• However, still some reforms are needed in regard, especially in the field of land, labour reforms and in enforcing contracts.
  • Making Indian Products to Match Global Standards: There is a need for harmonizing Indian quality standards with global standards in many sectors.
    • Lack of harmonization has affected Indian exports and prevented the leveraging of trade agreements adequately.
    • There is a need to promote ZED manufacturing (Zero effect- Zero Defect) as envisaged by Make in India.


Collateral-free assistance or sovereign credit guarantees to the Micro, small and medium enterprises (MSMEs) will ease the financial crunch. However, the government should devise this scheme in such a way that the issue of moral hazard can be averted.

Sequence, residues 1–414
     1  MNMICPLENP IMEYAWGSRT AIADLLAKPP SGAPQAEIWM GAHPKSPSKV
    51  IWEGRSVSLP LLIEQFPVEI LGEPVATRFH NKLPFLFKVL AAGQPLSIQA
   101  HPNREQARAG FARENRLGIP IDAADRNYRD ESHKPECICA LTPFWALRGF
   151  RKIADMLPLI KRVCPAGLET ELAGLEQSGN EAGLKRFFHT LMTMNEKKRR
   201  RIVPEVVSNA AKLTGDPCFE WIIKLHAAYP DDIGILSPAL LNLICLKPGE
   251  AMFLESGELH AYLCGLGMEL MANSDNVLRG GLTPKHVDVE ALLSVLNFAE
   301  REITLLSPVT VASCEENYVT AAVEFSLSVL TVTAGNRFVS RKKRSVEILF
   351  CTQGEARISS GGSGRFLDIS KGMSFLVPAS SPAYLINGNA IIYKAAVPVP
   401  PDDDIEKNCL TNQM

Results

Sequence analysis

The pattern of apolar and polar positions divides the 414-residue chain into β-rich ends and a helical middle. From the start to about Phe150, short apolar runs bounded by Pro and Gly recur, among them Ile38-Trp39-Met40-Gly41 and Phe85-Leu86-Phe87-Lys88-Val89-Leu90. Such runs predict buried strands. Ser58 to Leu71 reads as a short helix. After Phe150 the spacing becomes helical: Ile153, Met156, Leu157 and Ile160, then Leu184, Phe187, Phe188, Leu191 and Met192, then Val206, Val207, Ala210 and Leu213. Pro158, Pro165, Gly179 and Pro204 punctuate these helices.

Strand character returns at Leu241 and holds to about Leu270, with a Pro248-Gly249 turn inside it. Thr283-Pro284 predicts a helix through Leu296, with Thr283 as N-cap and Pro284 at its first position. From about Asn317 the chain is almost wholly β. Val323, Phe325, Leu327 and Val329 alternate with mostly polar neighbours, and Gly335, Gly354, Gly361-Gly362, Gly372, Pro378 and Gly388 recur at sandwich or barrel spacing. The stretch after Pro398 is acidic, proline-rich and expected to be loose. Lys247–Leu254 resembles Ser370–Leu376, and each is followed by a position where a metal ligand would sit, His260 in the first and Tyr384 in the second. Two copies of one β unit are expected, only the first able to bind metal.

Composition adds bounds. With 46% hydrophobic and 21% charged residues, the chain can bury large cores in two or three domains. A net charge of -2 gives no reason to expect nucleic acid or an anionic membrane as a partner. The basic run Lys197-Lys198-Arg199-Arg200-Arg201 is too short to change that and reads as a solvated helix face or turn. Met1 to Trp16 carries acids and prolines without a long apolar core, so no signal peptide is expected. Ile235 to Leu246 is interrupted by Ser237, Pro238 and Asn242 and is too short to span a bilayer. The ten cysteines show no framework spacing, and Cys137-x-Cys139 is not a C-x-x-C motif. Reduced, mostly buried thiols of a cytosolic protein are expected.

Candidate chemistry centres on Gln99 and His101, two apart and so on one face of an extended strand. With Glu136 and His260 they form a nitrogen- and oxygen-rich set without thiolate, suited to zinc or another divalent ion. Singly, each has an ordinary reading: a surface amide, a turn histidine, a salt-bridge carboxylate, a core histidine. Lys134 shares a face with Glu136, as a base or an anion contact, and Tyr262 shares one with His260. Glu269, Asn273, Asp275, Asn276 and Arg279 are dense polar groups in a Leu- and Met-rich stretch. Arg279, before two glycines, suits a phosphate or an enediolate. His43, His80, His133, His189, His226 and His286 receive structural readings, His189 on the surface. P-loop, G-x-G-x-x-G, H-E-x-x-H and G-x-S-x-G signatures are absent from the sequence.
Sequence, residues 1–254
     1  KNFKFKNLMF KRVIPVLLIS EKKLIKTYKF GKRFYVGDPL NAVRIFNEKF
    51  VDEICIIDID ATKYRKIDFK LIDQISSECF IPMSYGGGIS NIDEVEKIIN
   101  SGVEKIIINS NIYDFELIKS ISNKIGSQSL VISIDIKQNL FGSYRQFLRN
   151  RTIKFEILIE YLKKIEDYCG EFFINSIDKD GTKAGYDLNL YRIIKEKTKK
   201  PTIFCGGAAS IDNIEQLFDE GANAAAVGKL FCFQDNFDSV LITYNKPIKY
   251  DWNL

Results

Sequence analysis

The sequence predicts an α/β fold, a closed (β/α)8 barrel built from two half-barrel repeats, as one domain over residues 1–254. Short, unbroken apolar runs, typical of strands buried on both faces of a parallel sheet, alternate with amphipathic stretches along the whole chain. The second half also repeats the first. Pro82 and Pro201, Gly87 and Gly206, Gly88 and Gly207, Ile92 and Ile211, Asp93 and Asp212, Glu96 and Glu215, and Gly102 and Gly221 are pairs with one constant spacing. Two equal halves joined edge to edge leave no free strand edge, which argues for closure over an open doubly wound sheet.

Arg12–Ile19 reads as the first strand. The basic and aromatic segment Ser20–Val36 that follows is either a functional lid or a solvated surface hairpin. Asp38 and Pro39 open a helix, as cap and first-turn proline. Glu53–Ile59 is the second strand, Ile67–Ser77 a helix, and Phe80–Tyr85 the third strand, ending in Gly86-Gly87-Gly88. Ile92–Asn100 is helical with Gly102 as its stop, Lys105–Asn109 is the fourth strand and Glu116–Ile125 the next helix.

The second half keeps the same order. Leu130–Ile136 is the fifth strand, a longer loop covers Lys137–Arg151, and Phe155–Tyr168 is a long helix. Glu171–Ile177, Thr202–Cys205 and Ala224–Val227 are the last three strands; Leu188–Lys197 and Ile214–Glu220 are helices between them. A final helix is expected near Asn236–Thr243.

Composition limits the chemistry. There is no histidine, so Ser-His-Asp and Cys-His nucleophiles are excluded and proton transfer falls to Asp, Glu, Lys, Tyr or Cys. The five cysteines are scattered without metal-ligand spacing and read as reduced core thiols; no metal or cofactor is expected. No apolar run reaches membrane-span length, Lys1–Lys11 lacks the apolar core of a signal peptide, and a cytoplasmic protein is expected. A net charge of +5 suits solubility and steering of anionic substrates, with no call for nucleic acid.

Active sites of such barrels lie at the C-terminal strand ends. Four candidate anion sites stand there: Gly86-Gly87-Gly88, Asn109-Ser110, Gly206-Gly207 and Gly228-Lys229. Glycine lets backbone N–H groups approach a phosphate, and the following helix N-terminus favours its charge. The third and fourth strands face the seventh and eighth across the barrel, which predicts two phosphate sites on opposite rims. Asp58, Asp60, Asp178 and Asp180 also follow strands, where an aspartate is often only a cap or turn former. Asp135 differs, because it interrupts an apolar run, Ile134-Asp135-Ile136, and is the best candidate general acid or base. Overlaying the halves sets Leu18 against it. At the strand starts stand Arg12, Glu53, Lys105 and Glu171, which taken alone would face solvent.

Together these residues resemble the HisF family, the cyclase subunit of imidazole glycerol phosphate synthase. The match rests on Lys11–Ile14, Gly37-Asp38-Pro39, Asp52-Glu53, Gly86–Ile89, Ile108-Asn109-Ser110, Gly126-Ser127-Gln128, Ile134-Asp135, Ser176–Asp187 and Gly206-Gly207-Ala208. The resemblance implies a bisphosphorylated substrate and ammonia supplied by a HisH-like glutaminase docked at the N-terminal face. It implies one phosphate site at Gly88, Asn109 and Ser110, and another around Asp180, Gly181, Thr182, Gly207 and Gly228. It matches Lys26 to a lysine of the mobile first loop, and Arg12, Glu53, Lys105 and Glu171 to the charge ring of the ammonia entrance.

Issue of Moral Hazard

  • Collateral-free assistance and credit guarantees leave no incentive for the borrower to pay back, as he has nothing to lose.
  • Also, as the banker is assured of payback from the government so why should he bother to check if the borrower is deserving or not.

Drishti Mains Question

Discuss the role of MSMEs sector in India’s growth and how far sovereign credit guarantee will help in reviving it.

This editorial is based on “Liquidity lifeline: On Nirmala’s MSME package” which was published The Hindu on May 14th, 2020. Now watch this on our Youtube channel.